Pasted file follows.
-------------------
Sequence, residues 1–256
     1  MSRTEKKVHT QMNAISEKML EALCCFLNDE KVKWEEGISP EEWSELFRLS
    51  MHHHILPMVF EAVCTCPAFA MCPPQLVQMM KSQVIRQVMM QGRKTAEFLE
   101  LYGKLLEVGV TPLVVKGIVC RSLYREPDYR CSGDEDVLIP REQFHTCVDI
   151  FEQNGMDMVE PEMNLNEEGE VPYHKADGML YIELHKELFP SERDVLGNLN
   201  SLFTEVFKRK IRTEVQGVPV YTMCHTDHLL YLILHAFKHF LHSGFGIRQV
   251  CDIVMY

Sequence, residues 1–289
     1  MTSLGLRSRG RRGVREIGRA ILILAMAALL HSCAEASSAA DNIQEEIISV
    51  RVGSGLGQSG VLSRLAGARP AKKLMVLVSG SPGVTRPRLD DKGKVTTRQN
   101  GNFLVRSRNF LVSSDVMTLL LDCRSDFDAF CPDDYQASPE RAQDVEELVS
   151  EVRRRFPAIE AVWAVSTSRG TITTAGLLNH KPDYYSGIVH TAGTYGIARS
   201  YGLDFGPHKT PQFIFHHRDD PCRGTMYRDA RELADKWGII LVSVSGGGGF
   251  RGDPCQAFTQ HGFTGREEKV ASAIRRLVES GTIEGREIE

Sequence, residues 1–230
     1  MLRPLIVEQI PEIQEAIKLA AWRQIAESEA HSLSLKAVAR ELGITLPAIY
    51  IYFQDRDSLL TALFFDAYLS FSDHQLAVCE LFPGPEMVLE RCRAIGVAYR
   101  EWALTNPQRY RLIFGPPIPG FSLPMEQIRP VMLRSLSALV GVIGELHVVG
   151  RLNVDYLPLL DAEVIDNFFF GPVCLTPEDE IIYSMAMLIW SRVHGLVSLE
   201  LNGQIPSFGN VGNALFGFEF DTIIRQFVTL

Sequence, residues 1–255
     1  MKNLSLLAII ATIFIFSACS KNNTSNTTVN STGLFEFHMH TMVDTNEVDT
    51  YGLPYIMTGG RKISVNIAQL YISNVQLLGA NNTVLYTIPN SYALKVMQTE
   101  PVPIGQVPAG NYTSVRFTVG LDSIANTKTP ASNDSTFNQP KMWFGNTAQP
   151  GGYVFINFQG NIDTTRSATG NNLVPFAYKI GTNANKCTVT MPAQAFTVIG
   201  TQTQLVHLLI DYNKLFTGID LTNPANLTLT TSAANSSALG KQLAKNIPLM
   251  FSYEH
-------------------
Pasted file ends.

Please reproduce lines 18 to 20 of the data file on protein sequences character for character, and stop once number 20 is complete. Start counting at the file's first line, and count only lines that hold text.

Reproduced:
   101  EWALTNPQRY RLIFGPPIPG FSLPMEQIRP VMLRSLSALV GVIGELHVVG
   151  RLNVDYLPLL DAEVIDNFFF GPVCLTPEDE IIYSMAMLIW SRVHGLVSLE
   201  LNGQIPSFGN VGNALFGFEF DTIIRQFVTL